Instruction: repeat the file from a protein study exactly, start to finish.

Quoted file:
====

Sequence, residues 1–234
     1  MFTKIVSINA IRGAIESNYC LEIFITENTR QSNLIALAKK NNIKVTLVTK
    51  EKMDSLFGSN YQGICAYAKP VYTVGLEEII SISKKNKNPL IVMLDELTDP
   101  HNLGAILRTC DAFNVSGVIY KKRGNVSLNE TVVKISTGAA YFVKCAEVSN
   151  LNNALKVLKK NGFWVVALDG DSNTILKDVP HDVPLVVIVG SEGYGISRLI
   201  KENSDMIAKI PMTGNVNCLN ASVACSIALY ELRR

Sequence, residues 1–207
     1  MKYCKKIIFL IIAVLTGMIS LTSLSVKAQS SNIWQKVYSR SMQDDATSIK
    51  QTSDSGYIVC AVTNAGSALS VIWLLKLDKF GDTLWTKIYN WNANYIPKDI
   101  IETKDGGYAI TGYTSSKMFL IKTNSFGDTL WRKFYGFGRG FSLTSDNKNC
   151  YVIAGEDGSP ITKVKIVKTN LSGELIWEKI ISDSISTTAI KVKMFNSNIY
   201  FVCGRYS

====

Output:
Sequence, residues 1–234
     1  MFTKIVSINA IRGAIESNYC LEIFITENTR QSNLIALAKK NNIKVTLVTK
    51  EKMDSLFGSN YQGICAYAKP VYTVGLEEII SISKKNKNPL IVMLDELTDP
   101  HNLGAILRTC DAFNVSGVIY KKRGNVSLNE TVVKISTGAA YFVKCAEVSN
   151  LNNALKVLKK NGFWVVALDG DSNTILKDVP HDVPLVVIVG SEGYGISRLI
   201  KENSDMIAKI PMTGNVNCLN ASVACSIALY ELRR

Sequence, residues 1–207
     1  MKYCKKIIFL IIAVLTGMIS LTSLSVKAQS SNIWQKVYSR SMQDDATSIK
    51  QTSDSGYIVC AVTNAGSALS VIWLLKLDKF GDTLWTKIYN WNANYIPKDI
   101  IETKDGGYAI TGYTSSKMFL IKTNSFGDTL WRKFYGFGRG FSLTSDNKNC
   151  YVIAGEDGSP ITKVKIVKTN LSGELIWEKI ISDSISTTAI KVKMFNSNIY
   201  FVCGRYS